Archive for April, 2017

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First Session Comprehension

April 8, 2017

I often look to all types of games when considering game design and play issues.  Yesterday I had enough friends come through who were willing to try out some boardgames I hadn’t gotten a chance to play yet – the more involved, crunchy-rules kind.  Between those games, it occurred to me a key goal of game design that often isn’t addressed for RPGS: First Session Comprehension.

The basic idea is this: by the time you finish the first session/game, you should have a firm grasp of the procedures of play, a good idea of viable options, and a notion towards more optimal options to go try out.

Procedures of Play

These are the logistics of play – how to set up (for RPGs, this includes things like character generation), the flow of resolutions, how to track resources, and, how things like gameboards, cards, or figures are used.

For one of the games, we failed to even get past set up, because the instruction manual was fairly opaque, and we set aside the game for another time (after, say, finding a tutorial video or something.)   This was a lot like my first experiences trying to run Red Box D&D as a kid – we’d get to the “buy your equipment” part and everyone would stall out, either not sure what to get, or get bored and quit.

Many RPGs are designed with the idea most, if not all, of the group will have read the procedures of play, which is already a step beyond what boardgames expect.  Dogs in the Vineyard had a great idea of putting the basic resolution procedure on the character sheet, which mirrors a lot of boardgames idea of a reference card that shows how to play out your turn.  Other RPGs, on the other hand, assume “just tell the GM what you want to do” is adequate, but that also has the pitfall for counterintuitive results (for the player) or frustration if they run into non-viable actions.

Viable Actions

“What can I do?”  Viable actions are second step – how can your pieces move, how can you spend resources, can you initiate some kind of special sub-system rules (“I’m declaring a duel!”) etc.

Tabletop RPGs have two layers here.  First is “I can do anything fictionally viable for my character”, which is a hurdle very different than boardgames.  While I’ve seen people take to this quite quickly, for traditional RPGs it seems to slow down and players can take as much as 3-5 sessions to get it.  (I feel a lot of it has to do with opacity of WHEN rules are applied, vs. not).

Optimal Actions

“What are the best options?”  This is the point where people are truly playing the game – they’re not having to fuss with the mechanics of HOW to play, they’re not trying to remember what they CAN do, but they can now focus on what they SHOULD do.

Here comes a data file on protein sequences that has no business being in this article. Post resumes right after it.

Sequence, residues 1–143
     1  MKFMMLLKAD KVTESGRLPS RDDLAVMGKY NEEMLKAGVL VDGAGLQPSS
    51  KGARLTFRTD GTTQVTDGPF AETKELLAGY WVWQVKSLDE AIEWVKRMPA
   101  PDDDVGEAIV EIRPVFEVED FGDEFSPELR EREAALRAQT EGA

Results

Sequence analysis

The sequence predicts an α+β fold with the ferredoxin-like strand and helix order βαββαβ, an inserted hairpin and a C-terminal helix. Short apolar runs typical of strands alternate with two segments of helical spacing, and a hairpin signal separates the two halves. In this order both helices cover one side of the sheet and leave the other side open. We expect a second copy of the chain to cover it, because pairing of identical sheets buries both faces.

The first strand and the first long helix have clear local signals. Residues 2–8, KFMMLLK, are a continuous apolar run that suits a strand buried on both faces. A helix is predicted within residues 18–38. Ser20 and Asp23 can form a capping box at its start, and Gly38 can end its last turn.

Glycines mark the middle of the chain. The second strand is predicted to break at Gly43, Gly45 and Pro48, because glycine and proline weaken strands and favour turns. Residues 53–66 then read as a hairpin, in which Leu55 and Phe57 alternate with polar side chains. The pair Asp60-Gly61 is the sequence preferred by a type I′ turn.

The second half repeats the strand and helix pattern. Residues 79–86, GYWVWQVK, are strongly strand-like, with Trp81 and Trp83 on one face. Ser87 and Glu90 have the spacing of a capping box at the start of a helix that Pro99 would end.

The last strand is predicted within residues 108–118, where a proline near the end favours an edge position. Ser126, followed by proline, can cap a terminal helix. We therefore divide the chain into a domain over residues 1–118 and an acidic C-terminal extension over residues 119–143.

And while “optimal” is a word most folks think of applying to Gamist goals (how to win), it applies equally to the goals of Simulationist play (how to make this FEEL like the fiction/experience we’re trying to create) or Narrativism (how to MAKE compelling, dramatic situations as we go).  In all cases it is about how to best use the tools towards the established game agenda.

The goal for design in comprehension

The better designed boardgames and card games, I see the goal is getting people to cycle through those three levels turn-by-turn, such that they’re already looking at optimal actions before they’re even done playing the first game.  Once people are thinking of optimal actions, they’re playing out scenarios in their head, of what to do, and whether something would work or not – and they’re eager to try it out on the next go around.

For tabletop RPGs, however, I feel like traditionally we’ve accepted 3-6 sessions, and even with the lighter indie game arena, we’re still talking 2-3 sessions before people get a good feel for what’s happening.

Because tabletop RPGs have most of the action exist in a fiction space that we collectively imagine, there’s a cognitive load that makes it harder in general (I cannot simply look at the game board and get an idea of the game state, I must remember and imagine what is happening, and communicate with others to get that info or clarify it).  Even then, I think we could probably do better, design-wise, thinking about these things and applying them to  our games.

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